Shojin ryori is the art of sophisticated Japanese vegetarian cuisine that originated from the Japanese Zen temples, but is widely popular all over the world for its healthful and well-balanced meals. The menu relies on seasonal vegetables, avoiding animal products such as meat, fish, eggs and dairy. 

You can experience a much more elevated style of Shojin Ryori in Daigo, a two-star Michelin restaurant located on the foot of Mount Atago. Dining in Daigo feels more like a ceremony than a dinner, especially at a temple. Guests are welcomed at the entrance, and depending on the group size, they are escorted into private, minimalist styled rooms with views of the lush gardens and calming sounds of nature.

Fresh produce and vegetables are carefully selected, prepared and presented in Kaiseki style with three set menus. You can enjoy the simplicity of ingredients used in their recipes which is quite remarkable and so is the level of service.

Whether you’re vegetarian or not, you will appreciate a meal of traditional shojin ryori as every dish presented is a gem of nature taken from deliciously fresh seasonal ingredients. The Japanese Zen garden is also quite a peaceful idyll and is the perfect setting to calm yourself after a busy day.

Enjoy A Drink With A View

Not only is it known for its sophisticated cuisine, but Tokyo’s also known for its diverse nightlife which can make you feel somewhat overwhelmed, especially for a first-time visitor.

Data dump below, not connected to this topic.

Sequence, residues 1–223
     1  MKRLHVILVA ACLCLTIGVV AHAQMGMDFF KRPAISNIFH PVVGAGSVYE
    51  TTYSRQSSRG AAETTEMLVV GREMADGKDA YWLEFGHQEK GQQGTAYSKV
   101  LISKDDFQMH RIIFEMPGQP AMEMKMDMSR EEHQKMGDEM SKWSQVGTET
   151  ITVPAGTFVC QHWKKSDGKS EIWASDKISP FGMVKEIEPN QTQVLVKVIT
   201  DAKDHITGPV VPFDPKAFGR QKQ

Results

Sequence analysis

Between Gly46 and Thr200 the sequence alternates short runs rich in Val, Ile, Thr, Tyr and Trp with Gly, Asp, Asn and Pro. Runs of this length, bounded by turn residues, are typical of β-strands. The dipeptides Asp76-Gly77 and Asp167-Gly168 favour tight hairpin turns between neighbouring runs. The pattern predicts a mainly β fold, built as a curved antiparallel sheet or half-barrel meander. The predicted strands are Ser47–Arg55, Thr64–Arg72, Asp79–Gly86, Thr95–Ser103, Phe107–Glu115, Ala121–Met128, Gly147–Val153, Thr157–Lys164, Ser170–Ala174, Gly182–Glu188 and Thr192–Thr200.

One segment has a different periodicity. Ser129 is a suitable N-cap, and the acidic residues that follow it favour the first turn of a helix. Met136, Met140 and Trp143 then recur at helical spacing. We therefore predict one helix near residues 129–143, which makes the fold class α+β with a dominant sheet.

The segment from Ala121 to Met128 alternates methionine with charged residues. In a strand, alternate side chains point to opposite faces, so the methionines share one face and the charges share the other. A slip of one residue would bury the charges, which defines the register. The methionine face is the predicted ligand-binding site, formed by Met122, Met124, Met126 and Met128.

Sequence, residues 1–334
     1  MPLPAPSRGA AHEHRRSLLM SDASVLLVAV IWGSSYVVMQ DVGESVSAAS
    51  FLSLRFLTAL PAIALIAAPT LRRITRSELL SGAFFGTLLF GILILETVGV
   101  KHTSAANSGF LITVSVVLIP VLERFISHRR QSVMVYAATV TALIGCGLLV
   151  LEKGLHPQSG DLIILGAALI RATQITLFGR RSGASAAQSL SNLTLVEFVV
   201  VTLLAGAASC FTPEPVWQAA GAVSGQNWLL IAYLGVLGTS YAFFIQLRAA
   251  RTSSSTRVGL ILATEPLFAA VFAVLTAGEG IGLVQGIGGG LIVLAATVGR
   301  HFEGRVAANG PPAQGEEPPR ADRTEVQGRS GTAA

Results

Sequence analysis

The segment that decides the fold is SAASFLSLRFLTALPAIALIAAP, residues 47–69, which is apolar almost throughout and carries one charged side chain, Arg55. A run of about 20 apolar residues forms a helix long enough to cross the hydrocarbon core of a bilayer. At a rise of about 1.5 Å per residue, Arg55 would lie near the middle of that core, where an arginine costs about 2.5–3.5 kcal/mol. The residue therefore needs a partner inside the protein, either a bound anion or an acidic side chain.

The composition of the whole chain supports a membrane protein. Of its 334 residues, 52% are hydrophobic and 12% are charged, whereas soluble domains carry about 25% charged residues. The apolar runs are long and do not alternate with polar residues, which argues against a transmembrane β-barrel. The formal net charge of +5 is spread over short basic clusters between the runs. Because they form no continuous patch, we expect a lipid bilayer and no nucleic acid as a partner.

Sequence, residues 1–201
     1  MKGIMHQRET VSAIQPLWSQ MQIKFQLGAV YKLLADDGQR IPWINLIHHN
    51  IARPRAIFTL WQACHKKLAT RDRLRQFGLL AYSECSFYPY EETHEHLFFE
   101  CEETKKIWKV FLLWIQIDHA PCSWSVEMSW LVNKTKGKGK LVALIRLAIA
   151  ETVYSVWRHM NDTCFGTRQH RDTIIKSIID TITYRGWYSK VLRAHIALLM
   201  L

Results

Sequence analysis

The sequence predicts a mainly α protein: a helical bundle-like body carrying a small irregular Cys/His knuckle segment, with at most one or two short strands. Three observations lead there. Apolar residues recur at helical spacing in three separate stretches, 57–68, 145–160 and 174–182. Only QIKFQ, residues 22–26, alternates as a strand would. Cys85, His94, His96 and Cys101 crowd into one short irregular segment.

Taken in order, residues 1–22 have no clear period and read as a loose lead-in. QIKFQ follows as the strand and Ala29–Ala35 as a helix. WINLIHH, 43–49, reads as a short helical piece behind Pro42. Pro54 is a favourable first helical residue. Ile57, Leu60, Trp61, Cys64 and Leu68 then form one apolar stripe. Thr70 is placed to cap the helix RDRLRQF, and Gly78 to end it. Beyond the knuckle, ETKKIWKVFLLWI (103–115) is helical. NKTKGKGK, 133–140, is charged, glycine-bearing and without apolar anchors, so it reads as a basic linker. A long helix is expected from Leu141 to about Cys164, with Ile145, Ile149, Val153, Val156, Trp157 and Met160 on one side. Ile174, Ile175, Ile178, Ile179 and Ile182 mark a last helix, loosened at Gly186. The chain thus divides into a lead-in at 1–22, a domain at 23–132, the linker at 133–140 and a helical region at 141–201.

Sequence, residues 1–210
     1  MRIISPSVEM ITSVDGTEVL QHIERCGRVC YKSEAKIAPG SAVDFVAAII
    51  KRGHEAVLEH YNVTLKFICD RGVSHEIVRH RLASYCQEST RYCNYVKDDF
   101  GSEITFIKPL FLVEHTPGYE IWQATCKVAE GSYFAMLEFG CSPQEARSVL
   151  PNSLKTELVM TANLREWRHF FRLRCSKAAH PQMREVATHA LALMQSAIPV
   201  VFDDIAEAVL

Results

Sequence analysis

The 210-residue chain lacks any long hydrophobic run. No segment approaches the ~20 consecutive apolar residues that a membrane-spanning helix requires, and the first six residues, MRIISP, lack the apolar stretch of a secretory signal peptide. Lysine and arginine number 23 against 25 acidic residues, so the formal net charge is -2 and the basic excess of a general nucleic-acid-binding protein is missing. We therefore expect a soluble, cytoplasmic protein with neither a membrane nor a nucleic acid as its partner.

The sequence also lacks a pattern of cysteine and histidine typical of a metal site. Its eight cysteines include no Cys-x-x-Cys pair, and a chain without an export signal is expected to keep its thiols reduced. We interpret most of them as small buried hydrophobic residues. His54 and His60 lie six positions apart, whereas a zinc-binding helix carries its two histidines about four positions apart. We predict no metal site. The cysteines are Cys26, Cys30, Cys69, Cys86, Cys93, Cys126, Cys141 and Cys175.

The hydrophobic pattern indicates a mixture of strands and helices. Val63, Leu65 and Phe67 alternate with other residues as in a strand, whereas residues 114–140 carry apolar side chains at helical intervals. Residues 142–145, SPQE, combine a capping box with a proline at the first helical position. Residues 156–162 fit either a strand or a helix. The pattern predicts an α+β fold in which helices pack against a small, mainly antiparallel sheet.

In a convenient location across from Tokyo station, inside Shin Marunouchi Building you will find STAND T, a sleek yet trendy bar with great views of the station’s iconic red brick building. The bar looks beautiful when illuminated at night and is often where people meet after a long day of meetings.

STAND T is the perfect place for social groups and solo guests, especially on weekends when it can get lively. There is a wide selection of reasonably priced beverages and light snack food to choose from. 

Narukiyo: Omakase Dining Experience

For great food, sake and fun vibes, head to Narukiyo Tokyo, a hidden gem tucked deep in the Shibuya neighbourhood. Upon entry, diners have to pay a flat fee and after they are seated they can enjoy the entertainment and vibe of the restaurant. Expect to hear some funky music, compliments from the chef, a view into what’s going on in the kitchen and lots of laughter and smiles, which will guarantee to be one of the best nights you’ll have in Tokyo. Here’s the thing about dining at Narukiyo, there is no menu (omakase menu). The chef will serve you something out of the blue whether it’s based on your appearance or what he is feeling in the moment.

A Night Of Fun At Bar High Five

One of Tokyo’s stand out destinations for drinks and traditional Japanese bartending is Bar High Five, perfectly located in the upscale Ginza neighbourhood. It is a great opportunity to gather your friends and family for a night of fun. The walls in Bar High Five are dark, the servers are dressed to the nines, and the drinks are strong.

At Bar High Five, there is no drink menu. The bartenders engage with their guests and happily establish spirits and taste preferences based on what you’re looking for. In addition to their polished service, the expansive back bar features an impressive collection of Japanese and Scotch whiskies.